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I'm starting to read Baby Rudin (Principles of mathematical analysis) now and I wonder whether you know of any companions to it. Another supplementary book would do too. I tried Silvia's notes, but I found them a bit too "logical" so to say. Are they good? What else do you recommend?

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A couple of things here to help you get better answers to a fair question. First, edit this post to make it community wiki. While you're at it, edit the question to include things such as some description of your level of familiarity with theorem-proof style mathematics, and where you are intending to end up in the short, medium, and longer term. Also, are you in an advanced calc class right now? – Tom Stephens Aug 19 '10 at 9:40
You may want to look at on George M. Bergman's site. – Pierre-Yves Gaillard Aug 19 '10 at 10:09

6 Answers 6

Gelbaum and Olmsted, Counterexamples in Analysis.

The first real analysis/advanced calculus class is full of theorems with multiple conditions, and it can be difficult to tell which ones are necessary for what parts of the theorem. This book will provide examples for why the theorems are as they are and not otherwise.

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+1. This is an absolute must for anyone studying real analysis seriously and now that it's in Dover,there's no good reason not to have a copy. – Mathemagician1234 May 5 '12 at 17:47

1) Introduction to real analysis by Bartle and Sherbert

2) Methods of Real Analysis by R.R. Goldberg

3) Mathematical Analysis by Tom Apostol

4) Real and Abstract Analysis by Karl Stromberg.

5) A radical approach to real analysis by David M Bressoud by MAA.

The first book is a very good book for a beginner. The next two are classics. (4) is also very good in case you want to read something advanced. The last one keeps entertaining you with some interesting examples as well as some interesting history of Real Analysis.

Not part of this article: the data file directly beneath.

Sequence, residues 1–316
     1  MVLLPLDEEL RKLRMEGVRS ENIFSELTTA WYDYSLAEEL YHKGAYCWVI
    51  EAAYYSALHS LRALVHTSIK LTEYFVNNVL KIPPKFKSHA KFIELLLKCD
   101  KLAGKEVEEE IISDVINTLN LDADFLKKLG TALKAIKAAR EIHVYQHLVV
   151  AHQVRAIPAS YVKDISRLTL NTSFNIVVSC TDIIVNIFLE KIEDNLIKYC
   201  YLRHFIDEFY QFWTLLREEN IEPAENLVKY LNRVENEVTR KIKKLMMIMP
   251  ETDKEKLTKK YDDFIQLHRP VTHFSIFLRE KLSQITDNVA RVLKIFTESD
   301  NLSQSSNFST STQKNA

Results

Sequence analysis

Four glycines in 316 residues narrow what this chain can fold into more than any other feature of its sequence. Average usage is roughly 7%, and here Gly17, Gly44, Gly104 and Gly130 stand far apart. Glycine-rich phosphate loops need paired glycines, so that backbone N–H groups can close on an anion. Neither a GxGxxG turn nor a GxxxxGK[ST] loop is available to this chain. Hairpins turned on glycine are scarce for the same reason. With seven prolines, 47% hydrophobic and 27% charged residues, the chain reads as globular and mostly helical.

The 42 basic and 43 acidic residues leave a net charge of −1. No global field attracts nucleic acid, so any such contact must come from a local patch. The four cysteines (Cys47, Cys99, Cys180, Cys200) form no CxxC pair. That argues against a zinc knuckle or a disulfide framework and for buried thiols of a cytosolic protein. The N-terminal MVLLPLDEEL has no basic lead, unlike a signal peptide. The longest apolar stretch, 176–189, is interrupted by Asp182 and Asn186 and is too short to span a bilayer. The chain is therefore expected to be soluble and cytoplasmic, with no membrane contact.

Happy Reading!!

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The book Understanding Analysis by Stephen Abbott is very good. So is A Companion to Analysis by T. W. Körner.

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+1 for 2 excellent recommendations. Korner in particular works very well filling out the terseness of Rudin. – Mathemagician1234 Apr 8 '13 at 17:43

I find Terrence Tao's notes to be a great companion, but he deviates from the order Rudin's presented in. Course 1 course 2

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There is a set of notes and additional exercises due to George Bergman. See his web page...

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Dear GEdgar: Please look at my comment above. – Pierre-Yves Gaillard Aug 19 '10 at 11:09
Nice link. I like it – Digital Gal Aug 19 '10 at 13:33
I'm not familiar with these. But I found Bergman's companion to Lang's Algebra quite useful when I was studying from that book, so consider that a qualified recommendation for Bergman's course materials in general. – Michael Lugo Aug 19 '10 at 16:50

Okay, so as you haven't accepted any of the answer, I thought maybe I should give a try to answer as best as I can.

I'm currently doing Chapter-3 from Walter Rudin's text, and simultaneously following these wonderful notes, by UC,Davis.
They include proof of each and every theorem and lemma in the book, and even a statement that is left in the book for the readers to prove is proved in these notes.

If you want, you can follow only these notes and not do theory from the book at all, and directly come back to it to solve problems at the end.

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